There’s a tree in the Harvard Forest that’s been tweeting since 2017. After a hiatus due to COVID-19, it’s once again putting messages out into the world. Researchers are hopeful that ‘a witness tree’ will help people learn more about trees and make them more relatable. But it’s not just social media followers that will be learning more. Scientists are also watching closely. The Harvard Forest witness tree is a 100-year-old red oak. Sensors and cameras on it monitor and report its health, the health of its surroundings, and sap and water levels. There’s also a camera recording leaf growth. This data is then included inside personable tweets using the trees ‘persona’. Using technology to create relationships between people and nature is key to helping raise awareness of how vital such ecosystems are. This Witness Tree Project has been influenced by TreeWatch Net, which monitors sensor data from trees in other parts of the world.
The Conversation reports that the long-term goal of both treewatch and a witness tree is to ‘work together to build a vast, international network of tweeting trees. The data will help create insights into the forest’s wellbeing.
Major Retailers Commit to a Zero-Carbon Shipping Future
We’re all used to hearing how bad the aviation industry is for the planet. You may be surprised to hear that the shipping industry is a significant contributor to environmental damage, too. Cargo ships contribute around 3% of all global carbon emissions. Most of what we buy makes its way to us via container ship. The more we buy, the more ships that are needed on the world’s oceans and waterways. Some of retails biggest and most respected names are contributing to this increase in shipping. But things are changing. Forty companies, including Amazon, IKEA, Unilever, and Patagonia, have pledged only to use ships powered by zero-carbon fuels by 2040. The Conversation states that decarbonising shipping will be tricky. Battery storage isn’t advanced enough to maintain power for much more than short journeys, and container ships can take many weeks to reach their destination port. This year, Dutch shipping company Maersk announced that it was speeding up its timeline to order only carbon-neutral fuel container ships. The Eight ships on order will cost the company around $1 billion. Maersk told Sky News that the new vessels would carry about 16,000 containers, saving approximately one million tonnes of CO2 emissions each year.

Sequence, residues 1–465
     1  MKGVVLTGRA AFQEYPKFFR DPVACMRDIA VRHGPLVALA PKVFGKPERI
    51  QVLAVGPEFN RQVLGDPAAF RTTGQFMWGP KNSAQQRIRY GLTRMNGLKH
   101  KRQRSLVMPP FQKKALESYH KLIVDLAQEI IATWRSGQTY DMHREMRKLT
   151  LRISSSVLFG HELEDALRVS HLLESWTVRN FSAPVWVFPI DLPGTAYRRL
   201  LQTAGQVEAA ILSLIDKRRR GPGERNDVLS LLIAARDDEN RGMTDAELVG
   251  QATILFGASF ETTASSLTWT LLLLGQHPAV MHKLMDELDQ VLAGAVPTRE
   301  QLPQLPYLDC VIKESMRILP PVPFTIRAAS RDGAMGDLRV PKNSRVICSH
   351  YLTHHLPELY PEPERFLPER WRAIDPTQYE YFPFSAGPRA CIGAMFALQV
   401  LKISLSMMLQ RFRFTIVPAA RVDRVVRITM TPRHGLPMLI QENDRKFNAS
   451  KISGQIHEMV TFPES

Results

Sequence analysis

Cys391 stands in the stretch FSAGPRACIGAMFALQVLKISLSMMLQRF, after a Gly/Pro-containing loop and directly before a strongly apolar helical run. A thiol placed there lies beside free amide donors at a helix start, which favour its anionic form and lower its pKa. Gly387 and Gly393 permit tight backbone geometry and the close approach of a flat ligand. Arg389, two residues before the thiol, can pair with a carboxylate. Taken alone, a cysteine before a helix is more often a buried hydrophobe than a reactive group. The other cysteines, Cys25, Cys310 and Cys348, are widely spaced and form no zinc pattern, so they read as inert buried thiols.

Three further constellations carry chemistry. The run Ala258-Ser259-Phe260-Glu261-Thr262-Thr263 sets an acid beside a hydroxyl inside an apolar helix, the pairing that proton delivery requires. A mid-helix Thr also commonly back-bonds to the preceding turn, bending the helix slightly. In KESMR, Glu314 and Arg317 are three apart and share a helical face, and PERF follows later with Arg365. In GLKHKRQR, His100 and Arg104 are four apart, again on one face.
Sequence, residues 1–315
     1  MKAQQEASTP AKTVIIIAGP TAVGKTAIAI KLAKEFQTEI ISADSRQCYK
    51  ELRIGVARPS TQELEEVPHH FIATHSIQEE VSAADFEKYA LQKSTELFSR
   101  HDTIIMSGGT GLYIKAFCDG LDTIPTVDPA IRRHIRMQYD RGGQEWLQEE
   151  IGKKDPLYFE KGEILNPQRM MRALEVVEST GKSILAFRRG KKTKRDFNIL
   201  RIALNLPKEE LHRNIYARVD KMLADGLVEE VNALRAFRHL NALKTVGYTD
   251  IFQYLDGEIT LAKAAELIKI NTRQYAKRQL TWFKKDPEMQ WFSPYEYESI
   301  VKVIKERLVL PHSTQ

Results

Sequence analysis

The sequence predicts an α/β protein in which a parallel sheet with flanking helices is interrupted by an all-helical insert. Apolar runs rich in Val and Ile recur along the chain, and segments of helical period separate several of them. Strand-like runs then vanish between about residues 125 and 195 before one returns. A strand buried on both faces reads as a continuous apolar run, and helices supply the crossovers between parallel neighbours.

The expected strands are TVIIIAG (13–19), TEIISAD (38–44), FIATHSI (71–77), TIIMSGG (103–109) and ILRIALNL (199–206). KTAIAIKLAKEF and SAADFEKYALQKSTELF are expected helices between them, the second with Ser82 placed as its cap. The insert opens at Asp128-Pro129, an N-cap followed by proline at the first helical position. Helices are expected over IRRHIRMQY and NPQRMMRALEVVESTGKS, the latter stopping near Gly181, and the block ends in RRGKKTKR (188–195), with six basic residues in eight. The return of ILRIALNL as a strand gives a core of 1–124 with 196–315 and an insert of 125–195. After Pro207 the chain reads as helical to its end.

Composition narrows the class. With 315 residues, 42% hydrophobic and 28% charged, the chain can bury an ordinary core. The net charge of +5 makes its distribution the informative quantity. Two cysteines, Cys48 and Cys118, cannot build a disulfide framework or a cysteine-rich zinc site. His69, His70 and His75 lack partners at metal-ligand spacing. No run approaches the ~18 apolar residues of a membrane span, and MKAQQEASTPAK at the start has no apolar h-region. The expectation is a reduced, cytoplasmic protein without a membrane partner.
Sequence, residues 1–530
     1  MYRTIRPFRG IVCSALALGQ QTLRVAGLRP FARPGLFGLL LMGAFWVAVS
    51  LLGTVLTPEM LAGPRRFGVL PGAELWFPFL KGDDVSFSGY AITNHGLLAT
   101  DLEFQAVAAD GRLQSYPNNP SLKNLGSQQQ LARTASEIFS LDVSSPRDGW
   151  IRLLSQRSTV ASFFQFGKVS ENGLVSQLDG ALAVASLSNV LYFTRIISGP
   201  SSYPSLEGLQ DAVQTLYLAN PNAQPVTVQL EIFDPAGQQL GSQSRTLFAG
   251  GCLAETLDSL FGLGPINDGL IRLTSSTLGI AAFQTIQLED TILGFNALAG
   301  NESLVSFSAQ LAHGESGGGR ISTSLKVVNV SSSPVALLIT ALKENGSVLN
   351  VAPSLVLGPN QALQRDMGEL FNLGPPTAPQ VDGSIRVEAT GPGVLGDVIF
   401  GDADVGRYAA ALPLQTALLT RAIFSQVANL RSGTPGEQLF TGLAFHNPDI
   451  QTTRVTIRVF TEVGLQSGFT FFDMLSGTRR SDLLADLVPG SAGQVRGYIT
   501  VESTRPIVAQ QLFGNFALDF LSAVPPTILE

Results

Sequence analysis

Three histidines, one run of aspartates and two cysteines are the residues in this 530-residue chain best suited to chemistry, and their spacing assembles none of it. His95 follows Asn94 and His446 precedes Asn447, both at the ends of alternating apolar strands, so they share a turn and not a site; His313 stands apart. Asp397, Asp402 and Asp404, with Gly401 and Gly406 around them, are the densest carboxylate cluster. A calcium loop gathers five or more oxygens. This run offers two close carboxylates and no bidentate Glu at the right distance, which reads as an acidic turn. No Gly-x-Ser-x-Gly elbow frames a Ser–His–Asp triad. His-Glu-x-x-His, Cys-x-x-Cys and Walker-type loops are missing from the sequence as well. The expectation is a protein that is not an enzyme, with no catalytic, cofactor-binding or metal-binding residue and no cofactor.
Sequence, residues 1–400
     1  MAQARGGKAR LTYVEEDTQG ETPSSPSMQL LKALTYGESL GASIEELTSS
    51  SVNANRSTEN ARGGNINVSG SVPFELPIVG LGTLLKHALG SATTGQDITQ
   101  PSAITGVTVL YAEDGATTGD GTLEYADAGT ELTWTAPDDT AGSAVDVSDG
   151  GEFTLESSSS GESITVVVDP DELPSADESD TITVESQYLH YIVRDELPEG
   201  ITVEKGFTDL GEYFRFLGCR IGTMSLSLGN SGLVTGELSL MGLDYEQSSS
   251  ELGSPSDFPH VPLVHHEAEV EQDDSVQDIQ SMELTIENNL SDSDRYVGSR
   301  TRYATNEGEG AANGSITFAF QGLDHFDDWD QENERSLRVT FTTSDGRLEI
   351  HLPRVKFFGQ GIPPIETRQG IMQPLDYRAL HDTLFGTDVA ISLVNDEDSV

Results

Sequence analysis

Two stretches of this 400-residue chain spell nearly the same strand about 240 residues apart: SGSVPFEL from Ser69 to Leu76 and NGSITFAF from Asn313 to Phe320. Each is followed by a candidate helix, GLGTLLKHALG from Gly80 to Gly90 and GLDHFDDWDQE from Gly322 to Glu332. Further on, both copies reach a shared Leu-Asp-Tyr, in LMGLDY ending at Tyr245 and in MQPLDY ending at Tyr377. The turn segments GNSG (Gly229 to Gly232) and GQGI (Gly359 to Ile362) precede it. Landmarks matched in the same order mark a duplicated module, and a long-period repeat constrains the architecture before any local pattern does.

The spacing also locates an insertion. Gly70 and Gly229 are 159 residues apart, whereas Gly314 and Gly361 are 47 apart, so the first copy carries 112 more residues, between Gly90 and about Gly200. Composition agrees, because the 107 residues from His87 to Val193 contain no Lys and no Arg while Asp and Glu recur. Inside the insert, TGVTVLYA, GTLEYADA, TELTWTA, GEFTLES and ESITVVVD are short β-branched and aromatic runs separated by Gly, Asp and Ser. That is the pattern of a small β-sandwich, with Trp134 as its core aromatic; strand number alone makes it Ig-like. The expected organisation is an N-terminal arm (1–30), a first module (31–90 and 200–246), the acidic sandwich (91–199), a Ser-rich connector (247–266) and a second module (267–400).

New Traffic Light Eco-Impact Food Scheme Launched
Thanks to a pilot scheme launching in Autumn 2021, UK customers will soon be able to assess the environmental impact of their food more clearly. Similarly to current labelling for calories, fat, sugar, and salt content, packaging will also show how sustainable their food is. Consumer comparison website Which? writes that customers will now see a product’s carbon emissions, related biodiversity loss, and water usage during production. Each product will be graded from A+, the highest rating, through to G. A traffic light system will make the data more accessible. Several major food brands have signed up, including Nestle, Sainsbury’s, Costa Coffee, and Marks and Spencer. If the pilot scheme goes well, it will be rolled out across the UK and Europe in Autumn 2022. The more informed that shoppers are, the better decisions they’ll be able to make in the supermarket. Companies are more likely to change business practices if the pressure is consumer-led. Hopefully, a greater understanding of sustainability will help the entire industry become eco-friendlier.
And of course, in June 2021, Energym launched its electricity-generating indoor bike. One example of how something as simple as daily exercise can add up and provide useable clean electricity to individuals and businesses. In 2022, the technology is going into gyms, too. Find out more about the RE:GEN and learn how you can generate clean electricity through indoor cycling.